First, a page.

(This article belongs to the Special Issue Emerging Issues in Economics, Finance and Business)
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20 pages, 1095 KiB  
Article
Does FDI Impact the Economic Growth of BRICS Economies? Evidence from Bayesian VAR
by Avisha Malik and Ash Narayan Sah
J. Risk Financial Manag. 2024, 17(1), 10; https://doi.org/10.3390/jrfm17010010 - 25 Dec 2023
Cited by 1 | Viewed by 2914
Abstract
This paper examines the dynamic relationship between foreign direct investment (FDI), economic growth, and trade openness in BRICS countries. Our research aims to address a significant gap in the literature by focusing on this crucial group of emerging nations, given their substantial contribution [...] Read more.
This paper examines the dynamic relationship between foreign direct investment (FDI), economic growth, and trade openness in BRICS countries. Our research aims to address a significant gap in the literature by focusing on this crucial group of emerging nations, given their substantial contribution to the global economy. Annual data for these economies from 1991 to 2020 were collected from various secondary sources. This study employed the Bayesian VAR framework to investigate the panel data. The Pedroni residual cointegration test was used to check the existence of a long-run relationship between FDI and economic growth. The results provided evidence that foreign direct investment (FDI) does exhibit a substantial correlation with economic growth in the short run. However, no long-run relationship was found in the case of BRICS economies. This research contributes to methodological innovation by introducing the Bayesian VAR framework, offering a deeper understanding of the dynamic interactions among these key variables. The incorporation of this framework yields estimates that are both stable and reliable, which is certainly a novelty of this paper. The findings of this study have implications suggesting that policymakers from these emerging economies should establish mechanisms that will monitor the short-term impacts of FDI and adjust policies accordingly to maximize economic gains. The government should tailor policies to the specific circumstances of each country for sustainable economic development. Full article
(This article belongs to the Special Issue Emerging Issues in Economics, Finance and Business)
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29 pages, 1772 KiB  
Article
Determinants of Access to Bank Financing in SMEs in Mexico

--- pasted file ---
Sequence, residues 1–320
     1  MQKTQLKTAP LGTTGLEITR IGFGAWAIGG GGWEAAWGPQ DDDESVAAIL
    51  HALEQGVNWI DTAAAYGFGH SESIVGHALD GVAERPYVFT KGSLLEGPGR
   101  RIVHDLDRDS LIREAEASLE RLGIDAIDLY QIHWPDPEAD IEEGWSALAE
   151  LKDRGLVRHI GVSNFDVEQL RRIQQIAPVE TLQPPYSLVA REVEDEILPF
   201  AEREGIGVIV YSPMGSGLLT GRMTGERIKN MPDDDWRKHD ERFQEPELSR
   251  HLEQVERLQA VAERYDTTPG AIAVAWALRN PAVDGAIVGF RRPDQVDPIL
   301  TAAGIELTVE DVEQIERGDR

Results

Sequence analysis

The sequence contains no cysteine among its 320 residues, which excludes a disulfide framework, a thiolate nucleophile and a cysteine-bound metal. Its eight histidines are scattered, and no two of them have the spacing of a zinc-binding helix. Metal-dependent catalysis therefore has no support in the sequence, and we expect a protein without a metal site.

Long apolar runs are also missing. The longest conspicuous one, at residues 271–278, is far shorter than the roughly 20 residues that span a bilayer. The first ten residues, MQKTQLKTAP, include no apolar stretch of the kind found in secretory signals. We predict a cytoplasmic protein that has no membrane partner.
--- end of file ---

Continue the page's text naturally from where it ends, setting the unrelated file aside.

by Artemio Jiménez-Rico, Claudia Susana Gómez-López and Johanan Zamilpa
J. Risk Financial Manag. 2023, 16(11), 477; https://doi.org/10.3390/jrfm16110477 - 9 Nov 2023
Viewed by 1754
Abstract
Several empirical studies indicate that the lack of financing is one of the main barriers that affects the economic growth of small and medium enterprises (SMEs). The main objective of this investigation was to determine to what extent the economic sector, the enterprise [...] Read more.
Several empirical studies indicate that the lack of financing is one of the main barriers that affects the economic growth of small and medium enterprises (SMEs). The main objective of this investigation was to determine to what extent the economic sector, the enterprise size, the characteristics inherent to the enterprise, the legal status, the variables linked to the performance of the enterprise, and the attributes of the owner influence the access to the bank financing of SMEs in Mexico. Using a discrete-response probit regression model, the impact of enterprise characteristics on the probability of obtaining a bank loan was determined. The data collected are from the Enterprise Surveys of Mexico, carried out by the World Bank. The sample of 1480 enterprises is representative by enterprise size, by economic sector, and by region. The research has a quantitative approach with a correlational scope, and a nonexperimental and transectional design. One of the main results highlights that the determinants with the greatest influence on access to bank financing are: the age, the small size, foreign participation, and the manufacturing sector. These results are consistent with other empirical studies, as well as with the pecking-order theory and the financial life-cycle theory. Full article